Essential amino acids?

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Essential amino acids?

Essential amino acids?

Amino acids are composed of a carboxyl group (-COO) and an amine group (NH2) and a functional group is attached to them. These functional groups are specific for every amino acid, and they impart different properties to them.  Amino acids combine together to make peptide chains and proteins. They are organic compounds, and there exist 20 amino acids overall. These 20 amino acids are divided into two categories which are essential and non-essential amino acids. Among the 20 amino acids, nine of them are essential amino acids and eleven of them are non-essential amino acids.

                                     

Figure.1. Structure of Amino Acid

Essential amino acids

The humans are unable to do the de novo production of these amino acids inside their body, so they are called as essential amino acids. These amino acids are also referred as proteinogenic amino acids. These amino acids should be taken by the food that one’s eat. The nine essential amino acids are as follows:

Phenylalanine: The abbreviation of Phenylalanine is Phe or F and its chemical formula is C9H11NO2. It contains phenyl group which is placed at the terminal hydrogen of alanine. It is non-polar in nature.

Valine: The abbreviation of Valine is Val or V. It is alpha-amino acid and is branch-chained. It is non-polar in nature.

Threonine: The abbreviation of threonine is Thr or T. It has alcohol as the functional group and alpha-carboxylic acid group. It is polar in nature.

Tryptophan: The abbreviation of tryptophan is Trp or W. Its functional group is alcohol, and it has both alpha amino and carboxylic acid group. It is non-polar and aromatic in nature.

Methionine: Methionine contains sulfur because its functional group is S-methyl thioether side chain. It has both alpha carboxylic and amino groups. It is also written as Met or M.  

Leucine: Leucine has isobutyl side chain and has both alpha nature carboxylic and amino group. It is also written as L or Leu. The compound is non-polar in nature.

Isoleucine: It contains both alpha carboxylic acid and an amino group. It is non-polar and aliphatic in nature. It is abbreviated as Ile or me.

Lysine: Lysine is an alanine and has a lysyl side chain. It is polar in nature and is positively charged. It is also represented as K or Lys.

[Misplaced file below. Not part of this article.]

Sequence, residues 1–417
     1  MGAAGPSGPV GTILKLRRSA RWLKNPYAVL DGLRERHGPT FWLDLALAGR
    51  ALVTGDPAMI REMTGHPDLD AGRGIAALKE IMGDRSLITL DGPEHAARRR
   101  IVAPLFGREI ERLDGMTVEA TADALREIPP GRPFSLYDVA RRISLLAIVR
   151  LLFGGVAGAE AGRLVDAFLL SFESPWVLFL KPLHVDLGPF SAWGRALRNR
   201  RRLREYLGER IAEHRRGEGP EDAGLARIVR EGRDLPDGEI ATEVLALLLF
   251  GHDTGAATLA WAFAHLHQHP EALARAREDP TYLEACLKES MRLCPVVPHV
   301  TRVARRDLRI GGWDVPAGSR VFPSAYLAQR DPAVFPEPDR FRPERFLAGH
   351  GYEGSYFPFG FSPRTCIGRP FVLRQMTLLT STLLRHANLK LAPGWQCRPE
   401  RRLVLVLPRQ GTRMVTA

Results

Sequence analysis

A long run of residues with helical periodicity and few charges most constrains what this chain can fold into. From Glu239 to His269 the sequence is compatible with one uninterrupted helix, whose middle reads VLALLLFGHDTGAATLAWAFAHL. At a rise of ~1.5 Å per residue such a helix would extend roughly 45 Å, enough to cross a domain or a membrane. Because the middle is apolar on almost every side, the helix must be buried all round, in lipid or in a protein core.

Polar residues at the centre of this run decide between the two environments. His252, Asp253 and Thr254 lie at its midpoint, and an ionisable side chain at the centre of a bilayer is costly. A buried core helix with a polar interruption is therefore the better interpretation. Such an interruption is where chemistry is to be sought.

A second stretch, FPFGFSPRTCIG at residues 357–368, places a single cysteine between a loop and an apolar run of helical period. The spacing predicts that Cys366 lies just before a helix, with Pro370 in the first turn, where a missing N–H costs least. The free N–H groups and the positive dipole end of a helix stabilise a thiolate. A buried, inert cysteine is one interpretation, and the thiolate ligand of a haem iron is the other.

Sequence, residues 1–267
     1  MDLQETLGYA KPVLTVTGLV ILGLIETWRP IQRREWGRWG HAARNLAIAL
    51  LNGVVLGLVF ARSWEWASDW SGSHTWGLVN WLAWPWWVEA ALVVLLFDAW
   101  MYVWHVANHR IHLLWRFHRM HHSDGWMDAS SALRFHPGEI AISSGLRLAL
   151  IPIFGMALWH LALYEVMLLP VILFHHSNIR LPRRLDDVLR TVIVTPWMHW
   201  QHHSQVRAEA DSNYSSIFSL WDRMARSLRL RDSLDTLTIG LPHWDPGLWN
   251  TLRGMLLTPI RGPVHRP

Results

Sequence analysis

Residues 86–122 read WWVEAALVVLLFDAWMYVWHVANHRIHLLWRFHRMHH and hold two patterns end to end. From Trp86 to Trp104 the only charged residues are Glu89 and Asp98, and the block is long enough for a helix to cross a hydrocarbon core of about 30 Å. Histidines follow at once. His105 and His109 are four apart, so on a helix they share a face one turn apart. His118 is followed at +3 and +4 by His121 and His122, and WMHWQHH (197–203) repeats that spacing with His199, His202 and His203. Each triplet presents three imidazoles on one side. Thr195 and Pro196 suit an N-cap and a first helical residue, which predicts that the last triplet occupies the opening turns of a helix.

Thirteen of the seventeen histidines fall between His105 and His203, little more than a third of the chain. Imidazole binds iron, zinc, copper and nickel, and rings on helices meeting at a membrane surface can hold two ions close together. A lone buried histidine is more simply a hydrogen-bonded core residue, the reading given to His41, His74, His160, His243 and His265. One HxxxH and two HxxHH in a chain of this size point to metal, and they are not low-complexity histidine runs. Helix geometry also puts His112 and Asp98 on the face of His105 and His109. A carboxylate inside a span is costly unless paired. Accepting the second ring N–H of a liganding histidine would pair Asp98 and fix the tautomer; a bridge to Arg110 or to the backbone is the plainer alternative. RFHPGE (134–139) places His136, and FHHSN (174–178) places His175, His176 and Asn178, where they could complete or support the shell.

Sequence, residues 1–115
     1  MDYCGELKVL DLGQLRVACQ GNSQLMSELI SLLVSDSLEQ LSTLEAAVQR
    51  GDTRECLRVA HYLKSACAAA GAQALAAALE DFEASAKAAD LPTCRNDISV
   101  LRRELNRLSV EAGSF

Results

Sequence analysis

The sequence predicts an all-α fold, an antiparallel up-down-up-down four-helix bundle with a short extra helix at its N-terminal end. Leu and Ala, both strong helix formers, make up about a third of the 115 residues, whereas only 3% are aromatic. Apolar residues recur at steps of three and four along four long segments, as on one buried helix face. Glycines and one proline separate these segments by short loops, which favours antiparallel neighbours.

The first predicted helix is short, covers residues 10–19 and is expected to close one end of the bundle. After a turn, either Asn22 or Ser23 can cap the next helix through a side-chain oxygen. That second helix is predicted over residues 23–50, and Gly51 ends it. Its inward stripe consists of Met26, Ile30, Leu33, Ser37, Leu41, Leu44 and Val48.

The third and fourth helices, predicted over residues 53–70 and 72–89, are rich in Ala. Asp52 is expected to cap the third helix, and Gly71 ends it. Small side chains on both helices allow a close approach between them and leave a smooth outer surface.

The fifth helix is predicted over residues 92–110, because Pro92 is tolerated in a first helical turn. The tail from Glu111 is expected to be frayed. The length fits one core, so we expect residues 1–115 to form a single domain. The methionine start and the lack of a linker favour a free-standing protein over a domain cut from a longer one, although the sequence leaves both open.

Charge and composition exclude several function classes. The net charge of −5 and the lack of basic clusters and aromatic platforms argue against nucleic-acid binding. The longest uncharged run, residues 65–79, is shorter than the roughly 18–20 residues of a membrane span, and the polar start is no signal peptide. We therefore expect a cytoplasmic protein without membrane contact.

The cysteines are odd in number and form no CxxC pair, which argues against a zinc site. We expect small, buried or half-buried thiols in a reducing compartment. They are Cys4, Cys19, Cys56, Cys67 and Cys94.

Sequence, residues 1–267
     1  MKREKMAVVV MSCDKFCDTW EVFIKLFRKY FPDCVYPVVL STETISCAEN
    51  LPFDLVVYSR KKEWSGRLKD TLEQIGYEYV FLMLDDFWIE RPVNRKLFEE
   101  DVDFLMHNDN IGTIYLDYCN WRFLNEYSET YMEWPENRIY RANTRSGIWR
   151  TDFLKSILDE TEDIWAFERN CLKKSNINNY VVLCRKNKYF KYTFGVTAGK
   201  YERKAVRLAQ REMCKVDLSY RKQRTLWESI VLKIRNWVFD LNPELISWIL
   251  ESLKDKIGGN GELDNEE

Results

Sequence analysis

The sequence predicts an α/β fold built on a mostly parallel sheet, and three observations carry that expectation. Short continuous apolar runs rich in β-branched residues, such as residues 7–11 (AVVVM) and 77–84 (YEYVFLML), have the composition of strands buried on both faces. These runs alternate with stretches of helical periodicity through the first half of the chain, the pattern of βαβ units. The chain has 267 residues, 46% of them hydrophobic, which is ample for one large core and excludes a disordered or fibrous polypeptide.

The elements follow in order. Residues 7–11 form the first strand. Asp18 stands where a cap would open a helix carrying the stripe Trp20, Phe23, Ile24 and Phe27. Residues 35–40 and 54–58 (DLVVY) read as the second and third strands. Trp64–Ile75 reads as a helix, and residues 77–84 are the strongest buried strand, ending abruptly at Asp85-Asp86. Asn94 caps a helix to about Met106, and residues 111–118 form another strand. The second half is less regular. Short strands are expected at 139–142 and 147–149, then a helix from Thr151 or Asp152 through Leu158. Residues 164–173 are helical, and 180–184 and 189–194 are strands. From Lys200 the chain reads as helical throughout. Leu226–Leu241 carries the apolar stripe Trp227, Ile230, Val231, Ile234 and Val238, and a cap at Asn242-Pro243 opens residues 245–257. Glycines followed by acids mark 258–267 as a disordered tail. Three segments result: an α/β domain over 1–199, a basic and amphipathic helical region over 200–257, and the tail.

Histidine: The functional group of histidine is imidazole. It is positively charged and alpha carboxyl and amino group. It is also represented as H or His.

There are also amino acids which become essential amino acids under some circumstances, and these amino acids are called conditional essential amino acids. They are not synthesized by humans in case of some pathological condition and in some infants. These amino acids are as follows:

Arginine: The abbreviation of arginine is Arg or R. It's functional group is a linear chain of 3 carbon atoms which has a cap of guanidinium. It is positively charged.

Cysteine: Cysteine contains sulfur, and it has a thiol functional group. It acts as a nucleophile and is similar to serine. It is also written as Cys or C

Glycine: Glycine is also written as Gly or G. It is the smallest amino acid having only a hydrogen as its functional group. It is ambivalent and achiral.

Glutamine: Its side chain contains amide as a functional group and has an alpha amino group and a carboxyl group. It is polar in nature. It can also be represented as Gln or Q.

Proline: Pyrrolidine is the sidechain of this amino acid. It is aliphatic and is nonpolar in nature. It is written as Pro or P.

Tyrosine: The side chain of tyrosine is tyrosyl. It can be written as Tyr or Y. Tyrosine is polar in nature.

All of the above-mentioned amino are used in processes in the human body and have important applications.


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